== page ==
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farmWhile reading the enjoyable blog that Karen one of our readers writes, (The Sweaty Knitter) I came across a very interesting post about the fibre content in yarns. Unless we have a substantial stash and have lost labels over the years, or are routinely given yarns of unknown origin, I believe most of us are in the habit of simply trusting what is written on the yarn’s label. As the article below shows, this apparently isn’t as safe a practice as one would expect.

I noticed from the comments on this post’s original page that one result of learning the information in the article was a desire to check on the fibre content of yarn. The simplest and easiest way to do this is to give it the burn test. If you aren’t familiar with this process, or would like details on how to interpret the test’s results, you may want to visit this reference page. There you will find an excellent and detailed explanation of what the burn test is, how to do it, and a simple to follow chart that will help you to interpret your results.

In closing I’d like to add one last thought. I agree with Karen about shopping locally whenever possible, but not all of us are lucky enough to be able to meet our fleece bearers in the field. However, the internet does offer a wonderful bridge. It can allow you to have the intimacy and personal attention that you only receive from a small business owner. When you shop online with a family run business you can get to know and interact with the sites’ owners as easily and often as you might with any local shop owner. It may not be as much fun as frolicking with your yarns’ source in the pasture, but you can read about them, see pictures of them and ask the owners for details about the animals your yarn was spun from. Farm boutiques like Les Belles Bouclettes are both a long distance alternative, and your own personal link to the yarn’s producers. You still get to support a small business and know for SURE where your yarn came from, and what (and who) it is made with!yearlings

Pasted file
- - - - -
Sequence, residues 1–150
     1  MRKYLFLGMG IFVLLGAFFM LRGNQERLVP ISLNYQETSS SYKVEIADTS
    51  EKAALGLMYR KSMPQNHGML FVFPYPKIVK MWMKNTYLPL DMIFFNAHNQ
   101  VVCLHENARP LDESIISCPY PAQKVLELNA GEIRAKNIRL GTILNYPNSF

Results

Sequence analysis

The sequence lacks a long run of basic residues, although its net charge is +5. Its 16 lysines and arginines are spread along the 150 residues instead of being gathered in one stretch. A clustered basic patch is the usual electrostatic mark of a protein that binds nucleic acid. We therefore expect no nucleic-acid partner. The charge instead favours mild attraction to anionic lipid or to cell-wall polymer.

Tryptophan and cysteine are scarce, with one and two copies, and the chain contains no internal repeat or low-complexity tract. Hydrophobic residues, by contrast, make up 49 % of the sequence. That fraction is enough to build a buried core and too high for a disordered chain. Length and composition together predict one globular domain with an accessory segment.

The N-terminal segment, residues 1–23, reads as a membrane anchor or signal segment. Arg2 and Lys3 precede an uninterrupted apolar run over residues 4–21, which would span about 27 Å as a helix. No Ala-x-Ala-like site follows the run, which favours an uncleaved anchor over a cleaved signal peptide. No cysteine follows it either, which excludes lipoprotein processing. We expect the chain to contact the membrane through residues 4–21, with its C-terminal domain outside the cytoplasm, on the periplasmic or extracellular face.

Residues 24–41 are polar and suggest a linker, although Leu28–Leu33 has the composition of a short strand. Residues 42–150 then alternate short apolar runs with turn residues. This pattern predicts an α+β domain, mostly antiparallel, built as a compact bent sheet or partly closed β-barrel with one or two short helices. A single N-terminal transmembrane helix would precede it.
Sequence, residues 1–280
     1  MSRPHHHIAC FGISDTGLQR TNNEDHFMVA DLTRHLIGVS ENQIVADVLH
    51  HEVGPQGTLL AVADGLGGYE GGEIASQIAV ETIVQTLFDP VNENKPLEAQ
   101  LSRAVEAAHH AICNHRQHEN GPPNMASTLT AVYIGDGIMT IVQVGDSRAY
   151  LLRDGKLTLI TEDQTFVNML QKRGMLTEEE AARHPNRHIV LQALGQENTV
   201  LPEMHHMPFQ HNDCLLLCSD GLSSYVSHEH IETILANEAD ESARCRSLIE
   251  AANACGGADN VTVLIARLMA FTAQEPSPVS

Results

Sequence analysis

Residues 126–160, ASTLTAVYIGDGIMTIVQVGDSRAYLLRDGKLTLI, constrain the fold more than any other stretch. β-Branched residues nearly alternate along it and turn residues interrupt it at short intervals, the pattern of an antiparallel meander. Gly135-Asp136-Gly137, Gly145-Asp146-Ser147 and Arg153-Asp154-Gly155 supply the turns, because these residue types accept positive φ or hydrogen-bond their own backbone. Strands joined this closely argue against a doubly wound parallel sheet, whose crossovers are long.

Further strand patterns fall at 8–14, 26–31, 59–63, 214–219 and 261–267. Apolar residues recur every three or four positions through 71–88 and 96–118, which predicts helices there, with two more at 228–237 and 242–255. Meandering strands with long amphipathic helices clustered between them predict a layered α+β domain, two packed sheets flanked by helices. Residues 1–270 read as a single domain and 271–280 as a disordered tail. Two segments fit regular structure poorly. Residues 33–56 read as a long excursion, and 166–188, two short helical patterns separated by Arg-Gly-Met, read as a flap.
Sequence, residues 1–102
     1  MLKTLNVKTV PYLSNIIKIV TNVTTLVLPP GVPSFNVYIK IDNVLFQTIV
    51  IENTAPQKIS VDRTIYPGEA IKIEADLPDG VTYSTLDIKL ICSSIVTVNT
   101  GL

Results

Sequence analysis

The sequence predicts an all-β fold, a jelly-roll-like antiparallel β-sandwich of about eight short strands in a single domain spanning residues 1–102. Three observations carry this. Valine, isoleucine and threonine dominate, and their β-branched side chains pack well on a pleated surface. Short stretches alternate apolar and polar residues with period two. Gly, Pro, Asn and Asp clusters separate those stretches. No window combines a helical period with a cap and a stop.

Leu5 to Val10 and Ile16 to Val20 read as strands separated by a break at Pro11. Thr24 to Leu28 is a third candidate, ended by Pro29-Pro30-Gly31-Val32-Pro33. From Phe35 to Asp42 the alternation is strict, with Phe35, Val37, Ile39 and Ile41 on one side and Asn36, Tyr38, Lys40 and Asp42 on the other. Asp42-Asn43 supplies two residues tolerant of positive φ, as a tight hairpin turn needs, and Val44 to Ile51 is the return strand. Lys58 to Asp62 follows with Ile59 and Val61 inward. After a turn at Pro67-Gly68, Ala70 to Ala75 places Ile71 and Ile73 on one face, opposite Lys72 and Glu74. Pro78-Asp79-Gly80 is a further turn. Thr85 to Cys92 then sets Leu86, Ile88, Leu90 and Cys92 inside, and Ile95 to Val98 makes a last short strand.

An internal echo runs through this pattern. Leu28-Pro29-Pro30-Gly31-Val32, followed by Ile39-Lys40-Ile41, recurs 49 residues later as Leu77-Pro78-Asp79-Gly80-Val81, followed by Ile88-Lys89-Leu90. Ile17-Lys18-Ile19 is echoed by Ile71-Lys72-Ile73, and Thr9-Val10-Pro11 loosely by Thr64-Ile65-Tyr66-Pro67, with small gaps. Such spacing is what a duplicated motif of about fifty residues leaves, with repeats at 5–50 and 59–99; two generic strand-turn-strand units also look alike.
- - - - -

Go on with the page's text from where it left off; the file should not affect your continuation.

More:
The Sweaty Knitter, Weaver and Devotee of Other Fiber Arts

Not infrequently we are advised of recalls of pharmaceuticals, meats, eggs, processed foods and even raw vegetables.  But yarn?

(c) lotusyarns (c) lotusyarns

Many of you probably heard that early this month, Trendsetter announced its recall of  Lotus Yarns Mimi.  Trendsetter imported Mimi from Lotus Yarns, a company based in the Hebei Province, South of Beijing, in China.  Recently Trendsetter tested its Lotus yarns and learned that Mimi, rather than being 100% mink as labeled, was actually a blend of 40% angora, 13% wool, 30% rayon, and 17% nylon.  (Contact the yarn store where you purchased the yarn for information about returning it.)

There have been other yarn recalls, some by the U.S. Consumer Product Safety Commission (CPSC).

On March 19, 2015 the CPSC announced the recall of Bernat Tizzy yarn.  Tizzy, a super bulky weight 100% polyester BernatTizzyYarnyarn, was manufactured in China, imported by Spinrite Yarns LP, of Washington…

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